In the meantime, The Thin Executioner is due to be launched on the world this week — that hits shops in the UK and Ireland this coming Thursday, and I’ll be heading out on tour to promote it. (You can find the dates and venues in the Shanville Monthly on my www.darrenshan.com web site.) I received some copies of the book during the week, and it looks absolutely fabulous!!! As I’ve said many times already, this is my personal favourite to date out of all of the books which I have written. And I think it looks and feels great too — I get a nice little shiver down my spine every time I pick it up!! I really hope fans enjoy this as much as I did — it will be a big anti-climax for me if it comes out to indifference. Of course, there’s nothing much I can do at this stage to influence how fans are going to react. Reader will decide its fate and reception by themselves. That’s the wonderful glory of literary democracy at work!!!
Bas, for those of you who might be wondering, is almost home!! She finally caught a flight out of Liberia on Thursday night, and made it safely to London, where she’s spent a couple of days. On Sunday, volcanic ash permitting, she should be flying the final stretch home to Shannon, and thence to chez Shan. In honour of her imminent arrival, and given the hardships she faced travelling home, I’ve broken with habit and not only hoovered round the house but washed the kitchen floor too!!!! I must be getting soft in my old age…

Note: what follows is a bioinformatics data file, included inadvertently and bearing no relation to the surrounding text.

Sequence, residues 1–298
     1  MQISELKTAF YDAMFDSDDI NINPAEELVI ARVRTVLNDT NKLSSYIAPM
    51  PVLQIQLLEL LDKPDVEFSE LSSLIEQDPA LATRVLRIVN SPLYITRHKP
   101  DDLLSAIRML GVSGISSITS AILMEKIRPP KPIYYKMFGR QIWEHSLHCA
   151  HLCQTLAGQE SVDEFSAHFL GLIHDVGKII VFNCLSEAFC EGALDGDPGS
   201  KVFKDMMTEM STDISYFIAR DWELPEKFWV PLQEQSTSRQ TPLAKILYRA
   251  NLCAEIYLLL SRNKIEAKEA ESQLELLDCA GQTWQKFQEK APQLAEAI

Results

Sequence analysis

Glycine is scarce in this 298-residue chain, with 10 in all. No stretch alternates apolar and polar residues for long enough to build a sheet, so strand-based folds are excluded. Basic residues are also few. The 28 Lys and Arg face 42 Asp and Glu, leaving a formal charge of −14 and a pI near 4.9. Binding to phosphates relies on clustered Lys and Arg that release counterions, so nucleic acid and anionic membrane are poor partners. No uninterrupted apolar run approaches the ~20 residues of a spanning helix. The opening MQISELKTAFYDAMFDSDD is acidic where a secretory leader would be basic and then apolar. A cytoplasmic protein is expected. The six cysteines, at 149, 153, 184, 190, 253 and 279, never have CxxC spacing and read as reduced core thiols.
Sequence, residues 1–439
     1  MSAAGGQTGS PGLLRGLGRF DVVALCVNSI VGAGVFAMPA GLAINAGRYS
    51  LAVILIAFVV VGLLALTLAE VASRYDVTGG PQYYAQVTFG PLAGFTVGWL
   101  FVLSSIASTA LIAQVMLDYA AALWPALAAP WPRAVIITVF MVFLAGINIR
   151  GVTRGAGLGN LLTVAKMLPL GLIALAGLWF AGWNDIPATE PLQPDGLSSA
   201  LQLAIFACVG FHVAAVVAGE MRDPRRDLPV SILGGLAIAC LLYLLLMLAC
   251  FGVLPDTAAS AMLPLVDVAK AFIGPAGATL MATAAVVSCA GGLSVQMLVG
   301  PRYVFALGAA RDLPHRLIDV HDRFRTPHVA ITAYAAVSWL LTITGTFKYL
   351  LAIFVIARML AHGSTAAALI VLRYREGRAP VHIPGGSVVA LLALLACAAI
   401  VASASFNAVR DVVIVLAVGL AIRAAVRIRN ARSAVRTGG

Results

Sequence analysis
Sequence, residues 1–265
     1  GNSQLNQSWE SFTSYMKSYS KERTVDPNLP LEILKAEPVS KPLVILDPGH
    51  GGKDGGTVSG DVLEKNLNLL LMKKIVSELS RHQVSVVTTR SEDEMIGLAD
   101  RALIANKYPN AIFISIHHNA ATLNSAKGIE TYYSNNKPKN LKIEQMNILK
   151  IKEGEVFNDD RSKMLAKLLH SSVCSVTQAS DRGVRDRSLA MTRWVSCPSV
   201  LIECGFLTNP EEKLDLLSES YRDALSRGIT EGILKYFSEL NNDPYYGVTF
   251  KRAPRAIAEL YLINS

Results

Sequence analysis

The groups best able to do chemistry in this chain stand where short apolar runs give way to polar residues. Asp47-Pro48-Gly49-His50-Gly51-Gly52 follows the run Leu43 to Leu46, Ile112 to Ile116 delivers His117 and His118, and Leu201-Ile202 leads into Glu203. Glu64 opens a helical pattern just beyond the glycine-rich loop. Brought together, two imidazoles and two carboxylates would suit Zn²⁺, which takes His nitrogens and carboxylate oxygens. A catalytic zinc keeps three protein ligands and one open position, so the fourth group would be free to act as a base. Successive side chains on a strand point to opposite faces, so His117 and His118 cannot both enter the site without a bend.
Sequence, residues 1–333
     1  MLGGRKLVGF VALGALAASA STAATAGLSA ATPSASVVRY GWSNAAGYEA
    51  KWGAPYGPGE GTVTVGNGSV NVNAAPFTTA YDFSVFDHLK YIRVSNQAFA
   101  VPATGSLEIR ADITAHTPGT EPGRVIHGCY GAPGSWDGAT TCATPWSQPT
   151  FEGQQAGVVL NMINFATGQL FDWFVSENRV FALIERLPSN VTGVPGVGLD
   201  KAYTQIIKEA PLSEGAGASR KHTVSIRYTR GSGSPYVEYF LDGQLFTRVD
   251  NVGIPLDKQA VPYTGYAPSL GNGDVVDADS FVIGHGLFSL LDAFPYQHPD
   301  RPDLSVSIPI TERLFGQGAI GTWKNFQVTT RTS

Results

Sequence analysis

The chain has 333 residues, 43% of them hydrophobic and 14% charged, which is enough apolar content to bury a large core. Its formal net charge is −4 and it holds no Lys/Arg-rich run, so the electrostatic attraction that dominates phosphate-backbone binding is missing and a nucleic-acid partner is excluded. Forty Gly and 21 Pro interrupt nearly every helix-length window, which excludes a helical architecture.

I actually quite enjoyed the trip home! Caught the train from Euston, and that made a huge difference — trains are definitely a lot more comfortable than buses!! The journey to Holyhead passed swiftly, it was easy to get onto the boat, there were plenty of seats onboard. I went to the cinema and saw Valentine’s Day — not very good, but perfect for a venue like that, and it passed most of the journey. No problem getting a taxi in Dublin port — there was the longest lines of taxis I’d ever seen, cabbies desperate for work because they’ve been getting nothing from the airports for the past week. I felt sorry for them. Caught the train to Limerick, then my Dad gave me a lift home. Door to door, it took 13 and a half hours. I wouldn’t want to be doing it every time I travelled to London, but it was nowhere near the nightmare journey that I was dreading!!
Today I waded through all of my post and unpacked. Then I started to edit the page proof for Birth of a Killer, the first Mr Crepsley book. This will be my final bit of work on the book — any last-minute changes must be made now, or never. Thankfully I haven’t had to change much so far — in fact, I think I only slightly altered one line in the first 30 pages. By the time I get to this stage, I normally have the book almost exactly the way I want it. But this is my chance to read it the same way that readers will, laid out in the finished format — you sometimes spot tiny things at this late stage that you might have missed on the PC.